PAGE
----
Below are the row-group counts for each compress scheme for each of the fields in the trips table.

WITH pivot_alias AS (
    PIVOT    PRAGMA_STORAGE_INFO('trips')
    ON       compression
    USING    COUNT(*)
    GROUP BY column_name,
             column_id
    ORDER BY column_id
)
SELECT * EXCLUDE(column_id)
FROM pivot_alias;
┌───────────────────────┬───────┬───────┬────────────┬──────────┬────────────┬───────┬───────┬──────────────┐
│      column_name      │  ALP  │ ALPRD │ BitPacking │ Constant │ Dictionary │ FSST  │  RLE  │ Uncompressed │
│        varchar        │ int64 │ int64 │   int64    │  int64   │   int64    │ int64 │ int64 │    int64     │
├───────────────────────┼───────┼───────┼────────────┼──────────┼────────────┼───────┼───────┼──────────────┤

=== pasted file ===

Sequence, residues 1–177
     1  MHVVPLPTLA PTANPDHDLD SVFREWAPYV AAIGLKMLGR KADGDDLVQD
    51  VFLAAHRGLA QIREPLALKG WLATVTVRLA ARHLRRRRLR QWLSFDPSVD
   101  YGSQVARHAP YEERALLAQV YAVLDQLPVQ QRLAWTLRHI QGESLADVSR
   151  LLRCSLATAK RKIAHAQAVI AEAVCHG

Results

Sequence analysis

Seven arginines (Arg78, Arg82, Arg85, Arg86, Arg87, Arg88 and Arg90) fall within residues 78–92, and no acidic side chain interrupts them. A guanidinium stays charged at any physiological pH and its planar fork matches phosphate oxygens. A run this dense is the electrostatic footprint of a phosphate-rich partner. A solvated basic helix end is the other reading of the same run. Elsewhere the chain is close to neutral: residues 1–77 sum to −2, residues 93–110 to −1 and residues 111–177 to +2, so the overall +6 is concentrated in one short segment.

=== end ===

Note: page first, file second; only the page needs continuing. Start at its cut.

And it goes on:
│ trip_id               │     0 │     0 │       9426 │     9426 │          0 │     0 │     0 │            0 │
│ vendor_id             │     0 │     0 │          0 │     9426 │       9425 │     1 │     0 │            0 │
│ pickup_datetime       │     0 │     0 │      28218 │     9426 │          0 │     0 │     0 │            0 │
│ dropoff_datetime      │     0 │     0 │      28218 │     9426 │          0 │     0 │     0 │            0 │
│ store_and_fwd_flag    │     0 │     0 │          0 │      888 │       9283 │   143 │     0 │         8538 │
│ rate_code_id          │     0 │     0 │        439 │    10965 │          0 │     0 │  7445 │            3 │
│ pickup_longitude      │ 18636 │     0 │          0 │        0 │          0 │     0 │     0 │         9426 │
│ pickup_latitude       │ 15872 │  2663 │          0 │        0 │          0 │     0 │     0 │         9426 │
│ dropoff_longitude     │ 19353 │     0 │          0 │        0 │          0 │     0 │     0 │         9426 │
│ dropoff_latitude      │ 16789 │  2663 │          0 │        0 │          0 │     0 │     0 │         9426 │
│ passenger_count       │     0 │     0 │       9426 │     9426 │          0 │     0 │     0 │            0 │